Washing Machine Drain Pump Test – Finding Out If You Have To Replace The Drain Pump

If cleaning the drain pump doesn’t solve the problem, the pump may be broken. Signs of this are apparent if you see bits of broken plastic in the access panel of your drain pump.

At this point, you will want to remove the entire front panel. Reach out and check to see if the belt of the machine is movable. If not, it is a sign that something is preventing the pump from moving. There are a few rotors that move with the pump. You should be able to move those rotors with your hand. If there is any resistance, you will need to replace your pump.

Front-Load Washer Drain Pump Replacement

If you need to replace the drain pump, there are many steps between you and access to the pump body. Given that every washer is different, you want to consult your owner’s manual. Below are the quick steps:

  1. Purchase a new drain pump based on the model number of your washing machine
  2. Remove everything between you and the drain pump.
  3. Remove the drain pump.

If you plan on making this a DIY process, check your warranty first. Companies typically have five- to ten-year warranties on this.

Step One: Purchase A New Drain Pump Based On Your Model Number

Your first step is to purchase a new drain pump. You can do this by looking for your washer on your company’s website. You can also bring the part down to your local hardware store, but most people don’t typically include this among common DIY repairs, making the part hard to find.

Step Two: Remove Everything Between You And The Drain Pump

The most time-consuming part of this process is getting to the drain pump. That is because the drain pump is connected to many systems in your washing machine. You can expect to remove the following items from the washer:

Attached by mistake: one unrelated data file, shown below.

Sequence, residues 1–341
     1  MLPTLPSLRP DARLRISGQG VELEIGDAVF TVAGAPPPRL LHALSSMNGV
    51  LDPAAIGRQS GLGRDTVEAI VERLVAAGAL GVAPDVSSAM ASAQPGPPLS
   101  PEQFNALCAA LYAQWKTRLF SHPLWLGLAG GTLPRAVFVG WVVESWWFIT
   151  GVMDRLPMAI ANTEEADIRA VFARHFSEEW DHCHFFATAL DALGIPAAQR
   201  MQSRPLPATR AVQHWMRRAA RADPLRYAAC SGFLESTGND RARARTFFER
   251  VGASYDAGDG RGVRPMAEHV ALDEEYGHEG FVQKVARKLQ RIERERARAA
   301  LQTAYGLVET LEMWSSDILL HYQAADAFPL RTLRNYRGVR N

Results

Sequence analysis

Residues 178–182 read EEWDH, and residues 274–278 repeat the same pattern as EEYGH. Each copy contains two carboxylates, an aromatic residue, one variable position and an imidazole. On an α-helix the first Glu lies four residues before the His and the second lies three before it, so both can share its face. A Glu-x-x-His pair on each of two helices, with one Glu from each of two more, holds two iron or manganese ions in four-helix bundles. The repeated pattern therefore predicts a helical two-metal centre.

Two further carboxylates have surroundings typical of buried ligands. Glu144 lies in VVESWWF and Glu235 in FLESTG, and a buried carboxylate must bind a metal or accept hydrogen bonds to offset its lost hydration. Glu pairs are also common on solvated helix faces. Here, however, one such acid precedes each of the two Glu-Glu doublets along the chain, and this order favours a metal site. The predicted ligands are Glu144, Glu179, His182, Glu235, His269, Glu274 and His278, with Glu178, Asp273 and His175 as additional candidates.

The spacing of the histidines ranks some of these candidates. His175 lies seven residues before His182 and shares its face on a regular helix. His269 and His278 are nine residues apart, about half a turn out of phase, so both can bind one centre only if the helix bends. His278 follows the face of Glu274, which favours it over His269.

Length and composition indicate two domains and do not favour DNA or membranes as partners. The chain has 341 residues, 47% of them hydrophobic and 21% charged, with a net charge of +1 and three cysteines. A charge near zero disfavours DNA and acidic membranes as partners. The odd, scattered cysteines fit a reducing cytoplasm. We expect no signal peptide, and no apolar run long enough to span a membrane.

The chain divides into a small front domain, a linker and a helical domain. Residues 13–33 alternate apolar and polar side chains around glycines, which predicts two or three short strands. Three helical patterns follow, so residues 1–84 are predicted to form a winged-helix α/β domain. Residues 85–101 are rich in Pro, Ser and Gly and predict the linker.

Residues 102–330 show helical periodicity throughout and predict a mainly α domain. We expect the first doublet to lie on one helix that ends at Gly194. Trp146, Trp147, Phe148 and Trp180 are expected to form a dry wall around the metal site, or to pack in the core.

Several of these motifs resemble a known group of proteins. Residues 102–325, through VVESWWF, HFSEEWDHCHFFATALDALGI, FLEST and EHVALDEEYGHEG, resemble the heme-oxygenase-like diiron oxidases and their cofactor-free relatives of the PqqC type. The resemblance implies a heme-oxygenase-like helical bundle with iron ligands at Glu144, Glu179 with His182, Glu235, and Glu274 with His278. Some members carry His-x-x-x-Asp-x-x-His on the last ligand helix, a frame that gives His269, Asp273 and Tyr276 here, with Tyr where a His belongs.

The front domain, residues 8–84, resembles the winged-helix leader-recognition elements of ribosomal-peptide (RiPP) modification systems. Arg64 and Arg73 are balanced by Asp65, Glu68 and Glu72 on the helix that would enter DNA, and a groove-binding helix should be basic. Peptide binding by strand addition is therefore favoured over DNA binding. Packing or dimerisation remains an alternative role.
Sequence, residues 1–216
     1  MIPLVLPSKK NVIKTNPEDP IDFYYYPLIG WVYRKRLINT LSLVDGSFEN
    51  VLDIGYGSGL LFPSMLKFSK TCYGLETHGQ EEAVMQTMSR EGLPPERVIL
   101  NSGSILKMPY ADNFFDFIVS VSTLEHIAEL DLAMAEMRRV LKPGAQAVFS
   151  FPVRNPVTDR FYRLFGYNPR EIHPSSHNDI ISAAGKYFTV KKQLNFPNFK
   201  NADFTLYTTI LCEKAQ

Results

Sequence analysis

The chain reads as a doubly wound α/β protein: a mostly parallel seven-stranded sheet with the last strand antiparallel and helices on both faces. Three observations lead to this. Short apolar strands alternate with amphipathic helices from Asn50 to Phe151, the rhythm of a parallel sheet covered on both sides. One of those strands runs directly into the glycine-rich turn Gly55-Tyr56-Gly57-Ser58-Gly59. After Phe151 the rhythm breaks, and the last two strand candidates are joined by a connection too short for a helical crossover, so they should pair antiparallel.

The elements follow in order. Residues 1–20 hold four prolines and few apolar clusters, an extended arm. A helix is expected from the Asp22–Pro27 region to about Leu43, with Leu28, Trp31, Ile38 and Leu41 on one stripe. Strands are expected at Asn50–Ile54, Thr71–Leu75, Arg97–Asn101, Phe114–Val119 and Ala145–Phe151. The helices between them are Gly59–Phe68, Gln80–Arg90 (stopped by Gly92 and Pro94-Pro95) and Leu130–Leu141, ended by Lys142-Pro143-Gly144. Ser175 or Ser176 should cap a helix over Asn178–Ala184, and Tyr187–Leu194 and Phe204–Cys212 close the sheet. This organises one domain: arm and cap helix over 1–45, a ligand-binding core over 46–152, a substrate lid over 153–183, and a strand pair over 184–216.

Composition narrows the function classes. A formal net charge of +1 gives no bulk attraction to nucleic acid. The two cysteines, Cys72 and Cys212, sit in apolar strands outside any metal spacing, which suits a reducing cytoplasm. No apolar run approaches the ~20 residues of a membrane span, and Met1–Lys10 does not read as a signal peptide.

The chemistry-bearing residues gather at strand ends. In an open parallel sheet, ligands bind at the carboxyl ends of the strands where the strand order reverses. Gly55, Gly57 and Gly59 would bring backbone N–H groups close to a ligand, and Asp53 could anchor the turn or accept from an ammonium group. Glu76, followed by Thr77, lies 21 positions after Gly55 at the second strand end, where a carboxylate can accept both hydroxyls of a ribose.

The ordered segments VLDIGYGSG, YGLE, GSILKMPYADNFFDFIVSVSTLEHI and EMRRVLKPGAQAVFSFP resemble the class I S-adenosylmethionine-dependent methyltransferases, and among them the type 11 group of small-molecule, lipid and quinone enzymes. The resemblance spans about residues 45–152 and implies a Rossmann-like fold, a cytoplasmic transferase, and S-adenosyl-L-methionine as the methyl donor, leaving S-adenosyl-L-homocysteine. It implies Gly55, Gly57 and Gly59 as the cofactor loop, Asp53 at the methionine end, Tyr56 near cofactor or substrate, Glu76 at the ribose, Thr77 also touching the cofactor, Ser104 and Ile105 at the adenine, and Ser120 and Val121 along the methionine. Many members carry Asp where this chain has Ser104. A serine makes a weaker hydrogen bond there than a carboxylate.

• Top panel (typically done with a Phillips or flathead screwdriver)
  • Front panel (be careful of the wire connections)
  • Dispenser drawer (screwdriver)
  • Control panel (screwdriver and wires)
  • Pump housing (on the bottom with screwdrivers, clamps, hoses, and many electrical components)
  • Rubber door (typically requires prying with a flathead)

Given that this is an attempted catch-all list, you may not need to remove everything listed above. However, the drain pump is still connected to many devices, so you will have to remove most of them.

You are also going to want to pay close attention to the location of various screws and bolts. You can make this easier by grouping them by category and giving them each a designated spot. You are also going to remove the entire pump housing. Taking it out gives you access to removing the drain pump.

Step Three: Remove The Drain Pump From The Bottom

The drain pump is part of the pump housing, which should be pulled out by this step. The drain pump should be able to be removed with some simple screwing. There may also be connection tabs that hold the pump to the housing.

Once you make the replacement, it is time to undo everything you just did. While it isn’t incredibly complicated, it can be a time-consuming process that is easy to get lost while doing. If you don’t have a day to devote to this process, it may be best to hire an HVAC technician.

What If I Hear Sloshing, But There Is No Water?

In top-loaded washers, a small amount of water is sometimes at the bottom. This water is part of your balance ring, which stays behind just if the next wash is out of balance. This water provides a bit of extra weight to the washer, making sure it doesn’t fly off the handle.

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What If I Have An Older Washer?

Older washers have a dial with a specific “pump out” zone that removes the water from your washer. As a result, forcing the dial forward will cause your washer to skip that pump out mode.

Also, older washers lack the complex sensors that come with newer options. Because of this, an older washer may not be able to tell if there is water in the basin. It is why you will want to have your washer go all the way through its cycle.

Eli Smith

I'm a guy who becomes the expert of whatever I stumble upon, writing-wise. I've written tons about cool home products, home improvement, and smart technology in the home. I'm also the proud father of a kiddo born on new years, making my holidays very busy.